Closing the Conference, Mr Matthew King, Head of Unit for the Atlantic, Directorate General for Maritime Affairs and Fisheries, said that it was now time to turn our shared vision of the ocean as an asset for blue growth into reality. The Commission could contribute by providing legal certainty (e.g. Maritime Spatial Planning), Safety at Sea (shared information such as for example through the European Maritime Safety Agency) and providing open access to the extensive databases on marine resources accumulated by Member States and EU funded projects and programmes. Member State Governments, he said, also have a critical role to play in creating the conditions in which the private and public sectors operate.

Mr King indicated that the proposed Atlantic Forum is a mechanism to engage all stakeholders and a platform to identify a number of strategic and large-scale flagship projects which are commercially viable and feasible and will add value in terms of job creation, economic development and stewardship of the our shared ocean economy. He also expressed the hope that the key flagship projects would be identified by the end of 2012 for inclusion on the discussions on the financial perspectives for the period 2014-2020.

For further information see:
Lisbon Atlantic Conference website
DG MARE website:


Commission Communication (COM2011 782 final (21.11.2011):
Developing a Maritime Strategy for the Atlantic Ocean Area

The Atlantic Ocean, which marks the western boundary of the EU, is the second largest of the world's oceans. This Communication responds to a request from the Council of the European Union (EU) and the European Parliament. It proposes a coherent and balanced approach that is consistent with the EU 2020 agenda and its flagship initiatives that promotes territorial cohesion and that takes into account the international dimension.

Whilst this proposed approach will largely focus on helping communities living and working on the Atlantic coast deal with new economic realities, it also recognises that the EU shares responsibility for stewardship of the world's oceans. Broadly speaking the strategy will cover the coasts, territorial and jurisdictional waters of the five EU Member States with an Atlantic coastline – France, Ireland, Portugal, Spain and the United Kingdom as well as international waters reaching westward to the Americas, eastward to Africa and the Indian Ocean, southward to the Southern Ocean and northward to the Arctic Ocean.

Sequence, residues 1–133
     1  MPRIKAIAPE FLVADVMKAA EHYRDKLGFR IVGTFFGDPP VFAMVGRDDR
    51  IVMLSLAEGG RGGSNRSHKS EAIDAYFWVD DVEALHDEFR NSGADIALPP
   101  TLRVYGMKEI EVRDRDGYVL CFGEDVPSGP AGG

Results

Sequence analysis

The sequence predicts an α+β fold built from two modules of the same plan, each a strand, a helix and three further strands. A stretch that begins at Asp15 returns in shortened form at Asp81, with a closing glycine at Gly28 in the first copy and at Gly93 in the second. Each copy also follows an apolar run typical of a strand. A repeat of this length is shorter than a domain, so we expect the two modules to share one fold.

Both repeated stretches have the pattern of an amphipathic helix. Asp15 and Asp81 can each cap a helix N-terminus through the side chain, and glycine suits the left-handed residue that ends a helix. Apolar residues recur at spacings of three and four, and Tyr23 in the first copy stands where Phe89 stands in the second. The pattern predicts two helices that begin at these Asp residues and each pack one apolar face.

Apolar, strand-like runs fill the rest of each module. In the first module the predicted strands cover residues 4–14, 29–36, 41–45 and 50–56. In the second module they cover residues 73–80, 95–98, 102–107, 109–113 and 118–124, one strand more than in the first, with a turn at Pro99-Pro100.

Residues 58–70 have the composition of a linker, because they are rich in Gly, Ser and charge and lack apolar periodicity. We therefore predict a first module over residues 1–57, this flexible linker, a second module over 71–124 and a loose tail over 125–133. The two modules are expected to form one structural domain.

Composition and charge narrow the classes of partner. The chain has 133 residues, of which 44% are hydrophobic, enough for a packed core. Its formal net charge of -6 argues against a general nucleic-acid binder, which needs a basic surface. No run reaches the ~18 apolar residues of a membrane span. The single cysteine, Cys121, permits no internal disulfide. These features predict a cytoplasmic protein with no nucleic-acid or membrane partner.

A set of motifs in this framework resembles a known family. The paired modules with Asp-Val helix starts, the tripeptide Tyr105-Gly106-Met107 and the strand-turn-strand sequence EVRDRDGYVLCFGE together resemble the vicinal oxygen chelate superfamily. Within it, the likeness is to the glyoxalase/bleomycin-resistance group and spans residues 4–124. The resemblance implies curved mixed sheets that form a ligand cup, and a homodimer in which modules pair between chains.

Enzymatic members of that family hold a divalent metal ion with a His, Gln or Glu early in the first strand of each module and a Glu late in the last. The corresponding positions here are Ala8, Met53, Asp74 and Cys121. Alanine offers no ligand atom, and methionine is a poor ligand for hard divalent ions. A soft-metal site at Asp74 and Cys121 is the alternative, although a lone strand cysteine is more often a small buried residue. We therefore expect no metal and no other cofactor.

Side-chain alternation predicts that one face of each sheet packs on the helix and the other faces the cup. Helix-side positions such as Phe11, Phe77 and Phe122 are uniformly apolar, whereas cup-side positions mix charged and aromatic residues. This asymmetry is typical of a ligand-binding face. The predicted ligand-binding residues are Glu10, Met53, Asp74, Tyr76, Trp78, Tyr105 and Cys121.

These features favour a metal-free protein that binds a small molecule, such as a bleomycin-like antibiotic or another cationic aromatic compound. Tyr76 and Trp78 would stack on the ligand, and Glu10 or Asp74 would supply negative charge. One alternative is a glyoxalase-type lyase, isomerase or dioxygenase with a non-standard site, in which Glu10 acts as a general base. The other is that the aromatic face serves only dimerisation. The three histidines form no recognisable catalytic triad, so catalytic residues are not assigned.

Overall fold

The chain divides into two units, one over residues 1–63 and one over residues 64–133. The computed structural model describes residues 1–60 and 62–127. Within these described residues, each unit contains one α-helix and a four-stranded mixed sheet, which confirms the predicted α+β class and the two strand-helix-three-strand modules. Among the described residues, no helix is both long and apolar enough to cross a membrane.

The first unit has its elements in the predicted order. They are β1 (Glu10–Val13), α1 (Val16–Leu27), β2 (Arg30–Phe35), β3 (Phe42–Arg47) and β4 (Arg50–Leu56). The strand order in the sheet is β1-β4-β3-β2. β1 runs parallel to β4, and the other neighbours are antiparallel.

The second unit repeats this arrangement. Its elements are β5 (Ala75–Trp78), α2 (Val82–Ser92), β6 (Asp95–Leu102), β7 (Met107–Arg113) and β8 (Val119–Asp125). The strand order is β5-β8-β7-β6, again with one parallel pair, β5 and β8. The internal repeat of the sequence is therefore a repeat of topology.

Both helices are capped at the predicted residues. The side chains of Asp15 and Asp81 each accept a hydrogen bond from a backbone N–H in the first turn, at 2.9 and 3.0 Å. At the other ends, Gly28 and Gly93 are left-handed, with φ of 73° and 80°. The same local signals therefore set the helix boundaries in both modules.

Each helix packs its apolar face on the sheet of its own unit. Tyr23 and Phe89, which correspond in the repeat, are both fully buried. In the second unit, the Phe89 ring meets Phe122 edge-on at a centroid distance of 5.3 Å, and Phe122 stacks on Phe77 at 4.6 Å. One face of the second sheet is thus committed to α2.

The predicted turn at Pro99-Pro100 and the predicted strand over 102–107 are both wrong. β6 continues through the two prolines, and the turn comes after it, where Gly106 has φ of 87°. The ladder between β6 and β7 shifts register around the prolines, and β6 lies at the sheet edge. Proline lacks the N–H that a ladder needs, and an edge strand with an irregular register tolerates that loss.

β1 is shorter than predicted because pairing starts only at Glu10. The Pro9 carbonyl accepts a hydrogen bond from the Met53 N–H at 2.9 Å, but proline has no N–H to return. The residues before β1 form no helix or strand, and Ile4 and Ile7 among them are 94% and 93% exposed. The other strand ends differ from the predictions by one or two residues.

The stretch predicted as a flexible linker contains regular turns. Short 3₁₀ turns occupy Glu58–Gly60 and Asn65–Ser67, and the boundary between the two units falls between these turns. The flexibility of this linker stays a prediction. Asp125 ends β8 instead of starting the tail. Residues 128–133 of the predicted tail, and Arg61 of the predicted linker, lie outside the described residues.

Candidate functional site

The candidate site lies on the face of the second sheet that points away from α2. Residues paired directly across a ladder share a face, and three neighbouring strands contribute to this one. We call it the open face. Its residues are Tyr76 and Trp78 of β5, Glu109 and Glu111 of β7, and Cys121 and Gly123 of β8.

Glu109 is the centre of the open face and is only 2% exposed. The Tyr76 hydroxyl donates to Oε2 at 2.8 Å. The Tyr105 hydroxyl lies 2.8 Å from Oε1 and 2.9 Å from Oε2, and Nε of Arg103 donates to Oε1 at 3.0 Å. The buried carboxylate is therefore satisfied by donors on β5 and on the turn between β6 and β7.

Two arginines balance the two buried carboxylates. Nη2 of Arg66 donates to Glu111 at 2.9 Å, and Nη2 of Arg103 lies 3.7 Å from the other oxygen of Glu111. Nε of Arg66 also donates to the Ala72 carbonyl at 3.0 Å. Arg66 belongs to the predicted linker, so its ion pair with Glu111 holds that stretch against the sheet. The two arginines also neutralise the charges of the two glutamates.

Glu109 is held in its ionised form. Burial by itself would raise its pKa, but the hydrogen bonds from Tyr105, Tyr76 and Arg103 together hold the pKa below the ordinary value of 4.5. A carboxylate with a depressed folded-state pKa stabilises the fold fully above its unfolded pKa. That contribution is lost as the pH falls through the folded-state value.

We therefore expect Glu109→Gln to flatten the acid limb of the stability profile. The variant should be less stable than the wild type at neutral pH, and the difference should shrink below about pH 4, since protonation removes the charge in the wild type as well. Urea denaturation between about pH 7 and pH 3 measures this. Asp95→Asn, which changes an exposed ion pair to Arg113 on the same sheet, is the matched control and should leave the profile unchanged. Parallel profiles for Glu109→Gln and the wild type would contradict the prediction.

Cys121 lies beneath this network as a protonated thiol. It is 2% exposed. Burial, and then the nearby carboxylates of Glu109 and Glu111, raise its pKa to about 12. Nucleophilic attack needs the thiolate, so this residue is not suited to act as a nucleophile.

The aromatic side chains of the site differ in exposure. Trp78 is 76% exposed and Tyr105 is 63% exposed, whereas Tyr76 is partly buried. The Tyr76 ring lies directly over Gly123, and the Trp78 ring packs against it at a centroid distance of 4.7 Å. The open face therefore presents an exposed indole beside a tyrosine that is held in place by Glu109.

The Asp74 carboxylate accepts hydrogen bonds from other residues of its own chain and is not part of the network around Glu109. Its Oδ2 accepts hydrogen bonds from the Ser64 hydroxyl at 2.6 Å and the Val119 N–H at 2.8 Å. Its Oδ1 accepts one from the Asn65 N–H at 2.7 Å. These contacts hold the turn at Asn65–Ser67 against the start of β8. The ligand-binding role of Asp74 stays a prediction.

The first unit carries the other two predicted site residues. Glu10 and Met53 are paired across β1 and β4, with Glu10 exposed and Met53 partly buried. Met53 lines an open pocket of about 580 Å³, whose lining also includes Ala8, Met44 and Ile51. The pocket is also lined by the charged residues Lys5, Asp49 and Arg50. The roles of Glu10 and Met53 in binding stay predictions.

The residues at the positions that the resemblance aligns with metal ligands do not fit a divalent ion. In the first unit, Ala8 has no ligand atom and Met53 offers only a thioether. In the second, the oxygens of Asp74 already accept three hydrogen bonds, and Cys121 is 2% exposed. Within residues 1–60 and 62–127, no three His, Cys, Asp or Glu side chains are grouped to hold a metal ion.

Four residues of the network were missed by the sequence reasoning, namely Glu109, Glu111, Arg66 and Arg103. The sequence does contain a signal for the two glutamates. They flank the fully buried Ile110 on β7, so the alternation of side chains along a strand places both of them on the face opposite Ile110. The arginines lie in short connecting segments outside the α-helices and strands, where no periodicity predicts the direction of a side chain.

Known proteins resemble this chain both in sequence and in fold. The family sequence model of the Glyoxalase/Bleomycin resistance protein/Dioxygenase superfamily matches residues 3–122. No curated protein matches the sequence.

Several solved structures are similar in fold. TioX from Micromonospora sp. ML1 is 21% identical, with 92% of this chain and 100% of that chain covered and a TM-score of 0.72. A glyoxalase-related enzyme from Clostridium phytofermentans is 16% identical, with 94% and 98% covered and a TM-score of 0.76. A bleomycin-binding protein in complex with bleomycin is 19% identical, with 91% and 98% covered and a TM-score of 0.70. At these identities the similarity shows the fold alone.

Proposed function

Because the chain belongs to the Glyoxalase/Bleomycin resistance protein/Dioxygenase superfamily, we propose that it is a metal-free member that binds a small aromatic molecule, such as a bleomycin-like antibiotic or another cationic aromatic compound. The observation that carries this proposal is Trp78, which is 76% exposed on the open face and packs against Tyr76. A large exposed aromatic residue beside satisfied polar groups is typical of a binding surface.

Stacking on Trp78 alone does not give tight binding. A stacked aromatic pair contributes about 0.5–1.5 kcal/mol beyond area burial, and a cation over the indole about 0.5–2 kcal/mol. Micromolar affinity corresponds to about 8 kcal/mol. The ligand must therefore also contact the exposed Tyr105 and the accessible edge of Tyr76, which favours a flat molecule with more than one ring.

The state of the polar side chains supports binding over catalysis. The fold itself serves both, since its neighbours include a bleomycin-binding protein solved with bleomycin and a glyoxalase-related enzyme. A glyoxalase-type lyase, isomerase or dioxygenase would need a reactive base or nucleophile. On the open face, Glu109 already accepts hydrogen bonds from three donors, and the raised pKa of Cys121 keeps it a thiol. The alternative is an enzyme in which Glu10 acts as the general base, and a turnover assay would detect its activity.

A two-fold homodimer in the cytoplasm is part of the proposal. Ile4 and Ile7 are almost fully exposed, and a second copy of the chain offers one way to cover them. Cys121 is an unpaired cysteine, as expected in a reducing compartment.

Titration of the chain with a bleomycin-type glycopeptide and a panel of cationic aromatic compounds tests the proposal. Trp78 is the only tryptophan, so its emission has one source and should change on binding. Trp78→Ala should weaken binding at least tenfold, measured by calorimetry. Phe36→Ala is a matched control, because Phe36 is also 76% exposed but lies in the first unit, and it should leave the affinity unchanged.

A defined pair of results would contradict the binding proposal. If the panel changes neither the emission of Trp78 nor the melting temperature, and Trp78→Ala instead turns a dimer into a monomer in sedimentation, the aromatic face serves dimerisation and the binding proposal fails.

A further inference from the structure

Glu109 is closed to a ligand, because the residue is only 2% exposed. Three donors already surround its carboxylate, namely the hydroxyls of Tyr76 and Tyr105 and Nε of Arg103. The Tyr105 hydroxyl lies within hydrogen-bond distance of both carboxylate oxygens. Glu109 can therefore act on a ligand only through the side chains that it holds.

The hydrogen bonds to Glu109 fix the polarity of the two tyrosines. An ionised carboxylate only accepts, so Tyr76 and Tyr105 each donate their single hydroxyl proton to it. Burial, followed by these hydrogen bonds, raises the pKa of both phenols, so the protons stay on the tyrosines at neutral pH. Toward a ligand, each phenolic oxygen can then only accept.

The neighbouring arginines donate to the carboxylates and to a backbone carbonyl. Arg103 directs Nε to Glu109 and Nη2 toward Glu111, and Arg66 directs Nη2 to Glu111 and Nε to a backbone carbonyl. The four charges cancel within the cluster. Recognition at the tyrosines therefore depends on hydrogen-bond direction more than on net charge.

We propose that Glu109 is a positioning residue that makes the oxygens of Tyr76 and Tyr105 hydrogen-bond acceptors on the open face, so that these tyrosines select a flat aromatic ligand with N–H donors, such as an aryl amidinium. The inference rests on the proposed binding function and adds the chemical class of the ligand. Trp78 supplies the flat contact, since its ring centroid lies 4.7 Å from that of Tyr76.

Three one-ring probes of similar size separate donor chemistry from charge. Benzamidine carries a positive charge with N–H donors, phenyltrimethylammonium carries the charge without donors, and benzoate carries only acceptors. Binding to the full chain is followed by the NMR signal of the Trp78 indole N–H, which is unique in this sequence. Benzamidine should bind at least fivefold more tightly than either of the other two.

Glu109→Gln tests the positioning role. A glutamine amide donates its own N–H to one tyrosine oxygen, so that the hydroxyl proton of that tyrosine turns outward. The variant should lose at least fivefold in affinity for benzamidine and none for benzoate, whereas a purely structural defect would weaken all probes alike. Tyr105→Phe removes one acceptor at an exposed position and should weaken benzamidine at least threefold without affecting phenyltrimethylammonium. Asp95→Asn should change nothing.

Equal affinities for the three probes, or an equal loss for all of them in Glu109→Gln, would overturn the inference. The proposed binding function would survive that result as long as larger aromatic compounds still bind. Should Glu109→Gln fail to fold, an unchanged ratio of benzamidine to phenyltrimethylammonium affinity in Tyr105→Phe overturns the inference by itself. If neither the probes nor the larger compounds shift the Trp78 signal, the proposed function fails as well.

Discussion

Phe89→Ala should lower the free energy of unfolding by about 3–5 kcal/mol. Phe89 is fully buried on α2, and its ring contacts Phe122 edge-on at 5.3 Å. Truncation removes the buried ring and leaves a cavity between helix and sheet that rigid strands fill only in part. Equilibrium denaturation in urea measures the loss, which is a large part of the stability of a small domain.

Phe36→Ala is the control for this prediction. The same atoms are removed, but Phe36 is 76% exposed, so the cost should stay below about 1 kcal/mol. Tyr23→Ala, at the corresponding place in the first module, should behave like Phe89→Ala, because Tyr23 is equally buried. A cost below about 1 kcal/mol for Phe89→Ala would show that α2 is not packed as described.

The challenges and opportunities facing the Atlantic Ocean area are grouped within five themes:

Implementing the ecosystem approach, including fisheries, aquaculture, maritime spatial planning, etc;

Reducing Europe's carbon footprint, including renewable ocean energy (offshore wind, wave and tidal), the greening of maritime transport, motorways of the sea, etc;
Sustainable exploitation of the Atlantic's seafloor natural resources, including raw materials – minerals, biodiversity and data;
Responding to threats and emergencies, including maritime safety, risk management, security, etc;
Socially inclusive growth, including training, the establishment of maritime clusters, marine tourism, etc.
The Atlantic strategy will not work only with action from the EU institutions. It requires engagement from Member States, regions, local authorities and private industry as well as think tanks. Developing the strategy for the Atlantic Ocean area is therefore based on the following methodology:
building on the active engagement and initiative of Atlantic Member States, regions and other stakeholders in designing and implementing actions;
promoting international cooperation;
adopting an Action Plan for the strategy by the end of 2013, indicating specific projects and actions recommended for support;
"Smart governance" to implement the strategy, building on current structures.